PONY UP NY Golf Shuttle will secure your tee time and provide round-trip transport (assuming a Manhattan pickup) $500 per person (includes greens fee and round-trip transport from Manhattan) hassle-free, stress-free and well rested for some punishment sure to come.

    • nyc

      Mar 18, 2015 at 5:19 am

      So your basic complaints are Asian golfers and cost? I live/play near NYC and Asian golfers are no slower/faster than anyone else. It may seem like they play slow but that’s because they stick out to people like you (grumpy old white man who hate anyone different or new playing golf). As for the cost? It’s NYC!!! It’s Donal Trump!!! Did you see the pics? Did you read the building cost? What do you expect? If you’re looking for no asians and cheap golf, NYC is definitely not the right place for you.

      • LI Golfer

        Mar 19, 2015 at 10:17 am

        No complaints about Asian golfers local to that area, just an observation and prediction.

        As far as cost, I dont care, I dont have to play it and dont pay taxes in NYC. I personally think that an NYC golf facility, paid for with City money on City owned land should be made available to NYC residents at a reasonable cost. If you looked at the demographic of NYC, how many would realistically be able to afford 169.00 for a round of weekend golf???? And what about locally in the Bronx. I just dont think Trump and Municipal golf facility go together, unless he is buried somewhere on it. Oh but its sooo nice and its Donald Trump………..Then let Trump buy the land, at market value and he can charge what ever he wants and pay taxes on his “investment”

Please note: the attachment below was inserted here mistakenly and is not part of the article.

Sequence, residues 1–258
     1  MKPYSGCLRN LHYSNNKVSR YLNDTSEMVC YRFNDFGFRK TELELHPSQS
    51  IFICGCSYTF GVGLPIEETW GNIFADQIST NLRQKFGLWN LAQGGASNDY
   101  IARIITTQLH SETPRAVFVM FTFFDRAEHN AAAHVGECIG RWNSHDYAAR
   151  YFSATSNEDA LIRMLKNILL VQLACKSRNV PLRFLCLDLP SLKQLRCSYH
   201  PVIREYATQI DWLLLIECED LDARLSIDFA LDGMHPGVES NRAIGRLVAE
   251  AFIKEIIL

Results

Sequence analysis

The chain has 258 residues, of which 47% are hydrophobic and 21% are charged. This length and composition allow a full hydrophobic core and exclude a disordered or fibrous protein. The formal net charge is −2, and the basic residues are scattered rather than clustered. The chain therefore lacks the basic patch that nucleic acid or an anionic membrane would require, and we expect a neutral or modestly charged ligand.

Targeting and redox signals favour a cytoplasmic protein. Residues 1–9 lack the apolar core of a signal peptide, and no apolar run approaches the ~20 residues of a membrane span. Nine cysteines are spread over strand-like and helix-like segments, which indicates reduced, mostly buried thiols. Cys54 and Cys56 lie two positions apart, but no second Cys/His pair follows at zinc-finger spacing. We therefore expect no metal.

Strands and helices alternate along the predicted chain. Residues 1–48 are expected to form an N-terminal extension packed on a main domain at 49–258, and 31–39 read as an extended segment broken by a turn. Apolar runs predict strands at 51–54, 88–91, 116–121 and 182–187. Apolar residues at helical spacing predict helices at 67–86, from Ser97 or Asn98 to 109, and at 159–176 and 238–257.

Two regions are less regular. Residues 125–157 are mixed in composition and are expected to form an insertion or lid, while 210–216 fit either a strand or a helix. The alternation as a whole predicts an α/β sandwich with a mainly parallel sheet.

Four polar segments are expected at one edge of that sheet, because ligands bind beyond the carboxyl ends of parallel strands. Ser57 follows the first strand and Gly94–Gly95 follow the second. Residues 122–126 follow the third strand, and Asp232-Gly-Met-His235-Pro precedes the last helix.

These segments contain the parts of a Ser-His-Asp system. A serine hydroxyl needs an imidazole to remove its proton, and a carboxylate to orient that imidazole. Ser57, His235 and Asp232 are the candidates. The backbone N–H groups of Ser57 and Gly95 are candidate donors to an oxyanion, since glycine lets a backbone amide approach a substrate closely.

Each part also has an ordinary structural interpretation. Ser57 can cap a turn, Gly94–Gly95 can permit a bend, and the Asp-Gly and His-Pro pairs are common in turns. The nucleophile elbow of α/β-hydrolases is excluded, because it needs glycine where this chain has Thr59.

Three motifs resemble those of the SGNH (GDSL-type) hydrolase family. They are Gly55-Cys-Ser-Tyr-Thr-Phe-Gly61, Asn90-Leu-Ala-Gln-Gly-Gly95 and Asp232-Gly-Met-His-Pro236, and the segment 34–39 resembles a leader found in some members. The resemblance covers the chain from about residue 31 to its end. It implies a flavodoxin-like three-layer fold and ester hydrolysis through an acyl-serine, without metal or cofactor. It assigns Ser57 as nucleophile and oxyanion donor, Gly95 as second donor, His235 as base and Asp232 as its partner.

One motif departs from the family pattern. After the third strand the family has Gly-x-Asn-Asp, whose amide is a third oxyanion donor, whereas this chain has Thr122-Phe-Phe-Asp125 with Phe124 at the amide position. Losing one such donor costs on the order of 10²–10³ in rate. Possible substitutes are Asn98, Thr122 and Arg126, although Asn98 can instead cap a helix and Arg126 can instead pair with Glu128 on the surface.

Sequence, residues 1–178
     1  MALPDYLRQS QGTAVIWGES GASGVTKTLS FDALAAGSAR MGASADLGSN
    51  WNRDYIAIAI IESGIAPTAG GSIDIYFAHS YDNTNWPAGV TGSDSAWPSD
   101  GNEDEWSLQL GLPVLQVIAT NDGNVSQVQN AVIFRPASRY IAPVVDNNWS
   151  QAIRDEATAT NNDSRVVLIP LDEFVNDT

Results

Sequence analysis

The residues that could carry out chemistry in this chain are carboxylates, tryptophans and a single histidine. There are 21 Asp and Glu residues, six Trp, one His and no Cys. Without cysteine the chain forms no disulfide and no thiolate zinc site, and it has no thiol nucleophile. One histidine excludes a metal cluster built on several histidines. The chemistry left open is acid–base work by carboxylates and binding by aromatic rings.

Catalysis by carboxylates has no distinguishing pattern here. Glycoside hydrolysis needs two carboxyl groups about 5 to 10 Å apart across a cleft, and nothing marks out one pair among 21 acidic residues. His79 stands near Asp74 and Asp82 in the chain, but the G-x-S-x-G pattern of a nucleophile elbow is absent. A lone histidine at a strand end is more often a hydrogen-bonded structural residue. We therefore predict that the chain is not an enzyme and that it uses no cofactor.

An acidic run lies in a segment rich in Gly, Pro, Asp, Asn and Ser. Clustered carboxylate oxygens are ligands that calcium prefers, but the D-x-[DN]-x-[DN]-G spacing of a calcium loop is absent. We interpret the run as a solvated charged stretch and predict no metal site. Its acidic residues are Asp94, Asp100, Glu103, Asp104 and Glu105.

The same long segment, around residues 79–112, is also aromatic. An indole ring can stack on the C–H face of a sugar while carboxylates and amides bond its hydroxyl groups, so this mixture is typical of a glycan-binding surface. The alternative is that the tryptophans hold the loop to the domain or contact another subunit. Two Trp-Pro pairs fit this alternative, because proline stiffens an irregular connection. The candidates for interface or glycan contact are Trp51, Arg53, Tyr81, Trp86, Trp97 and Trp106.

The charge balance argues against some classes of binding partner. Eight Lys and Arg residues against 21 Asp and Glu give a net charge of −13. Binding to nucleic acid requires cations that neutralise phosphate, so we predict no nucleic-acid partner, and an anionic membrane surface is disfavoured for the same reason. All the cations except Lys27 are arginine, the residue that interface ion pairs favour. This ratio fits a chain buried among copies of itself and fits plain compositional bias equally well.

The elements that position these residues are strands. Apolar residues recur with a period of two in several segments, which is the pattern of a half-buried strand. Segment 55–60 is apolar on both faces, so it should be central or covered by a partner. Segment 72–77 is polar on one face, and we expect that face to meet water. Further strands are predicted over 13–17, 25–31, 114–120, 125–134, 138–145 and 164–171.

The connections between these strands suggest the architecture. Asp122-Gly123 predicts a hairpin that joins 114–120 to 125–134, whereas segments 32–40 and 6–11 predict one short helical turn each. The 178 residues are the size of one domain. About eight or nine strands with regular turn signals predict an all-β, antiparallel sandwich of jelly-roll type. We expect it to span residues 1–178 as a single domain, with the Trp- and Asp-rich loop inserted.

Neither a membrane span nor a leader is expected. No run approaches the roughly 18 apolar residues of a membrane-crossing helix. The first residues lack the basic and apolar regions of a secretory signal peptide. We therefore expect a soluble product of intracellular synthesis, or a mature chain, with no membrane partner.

How the f#@k could it cost $269 million to build a golf course on an empty field? Frankly, they should have put up some condos on this space to generate more income for NYC. And he should have had to fix the soccer fields and bathrooms on the west side of the bridge.

        • mike

          Mar 20, 2015 at 3:31 pm

          You don’t pay taxes in NYC… So why do you care? Since you mentioned the demographics of NYC. 99.9% of NYC residents are non regular golfers, so I don’t think they really care what the cost of the greens fee will be. All they care about is if the project will be good for the city. The course itself will definitely be profitable, the property values around the course will rise, and the course will bring major events to NYC. Don’t get me wrong, I hate Trump. But it’s not like he stole some exclusive piece of property from nyc, it was a toxic landfill with absolutely no value with a project that was going no where.